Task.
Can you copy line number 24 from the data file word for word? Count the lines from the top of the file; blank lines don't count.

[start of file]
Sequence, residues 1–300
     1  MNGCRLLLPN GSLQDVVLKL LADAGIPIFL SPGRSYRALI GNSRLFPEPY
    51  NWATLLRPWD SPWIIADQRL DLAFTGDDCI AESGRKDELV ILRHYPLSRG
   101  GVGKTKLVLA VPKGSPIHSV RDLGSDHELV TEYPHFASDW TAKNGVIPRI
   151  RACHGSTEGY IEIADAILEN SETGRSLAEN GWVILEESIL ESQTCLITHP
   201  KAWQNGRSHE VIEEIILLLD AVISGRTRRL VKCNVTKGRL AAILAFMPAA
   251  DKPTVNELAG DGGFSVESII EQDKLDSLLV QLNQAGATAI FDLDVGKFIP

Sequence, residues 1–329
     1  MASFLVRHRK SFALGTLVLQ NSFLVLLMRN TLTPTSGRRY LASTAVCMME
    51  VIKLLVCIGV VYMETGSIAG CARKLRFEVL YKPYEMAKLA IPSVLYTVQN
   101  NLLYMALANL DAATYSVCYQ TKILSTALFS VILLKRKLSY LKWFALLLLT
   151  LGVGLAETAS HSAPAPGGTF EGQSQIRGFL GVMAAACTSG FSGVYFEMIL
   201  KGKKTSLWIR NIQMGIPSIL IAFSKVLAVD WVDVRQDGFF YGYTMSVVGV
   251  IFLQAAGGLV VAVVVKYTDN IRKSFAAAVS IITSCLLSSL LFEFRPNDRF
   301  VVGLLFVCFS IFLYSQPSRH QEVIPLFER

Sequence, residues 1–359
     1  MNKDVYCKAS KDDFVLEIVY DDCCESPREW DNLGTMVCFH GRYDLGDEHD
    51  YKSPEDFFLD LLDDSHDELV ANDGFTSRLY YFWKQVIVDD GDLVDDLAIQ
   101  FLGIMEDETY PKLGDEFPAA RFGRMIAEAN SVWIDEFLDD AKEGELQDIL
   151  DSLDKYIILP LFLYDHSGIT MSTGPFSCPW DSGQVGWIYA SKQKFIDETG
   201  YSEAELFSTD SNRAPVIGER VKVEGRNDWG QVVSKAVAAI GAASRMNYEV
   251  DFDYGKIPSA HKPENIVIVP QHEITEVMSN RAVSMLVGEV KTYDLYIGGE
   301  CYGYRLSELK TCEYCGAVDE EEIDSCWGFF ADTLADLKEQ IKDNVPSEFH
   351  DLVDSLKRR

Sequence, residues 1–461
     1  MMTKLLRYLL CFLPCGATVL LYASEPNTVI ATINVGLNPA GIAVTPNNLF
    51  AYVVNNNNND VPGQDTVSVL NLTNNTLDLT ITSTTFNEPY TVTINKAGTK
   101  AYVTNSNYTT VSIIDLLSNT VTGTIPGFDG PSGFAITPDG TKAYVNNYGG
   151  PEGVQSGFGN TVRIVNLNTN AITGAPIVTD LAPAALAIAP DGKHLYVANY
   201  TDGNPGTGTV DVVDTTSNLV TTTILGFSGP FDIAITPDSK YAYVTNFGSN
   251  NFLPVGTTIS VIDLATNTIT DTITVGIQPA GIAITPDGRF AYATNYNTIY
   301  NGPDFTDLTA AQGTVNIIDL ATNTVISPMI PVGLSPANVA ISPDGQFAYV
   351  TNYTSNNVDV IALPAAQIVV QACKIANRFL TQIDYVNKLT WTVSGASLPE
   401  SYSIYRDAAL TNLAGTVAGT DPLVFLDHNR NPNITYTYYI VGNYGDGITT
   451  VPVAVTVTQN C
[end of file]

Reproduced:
   351  DLVDSLKRR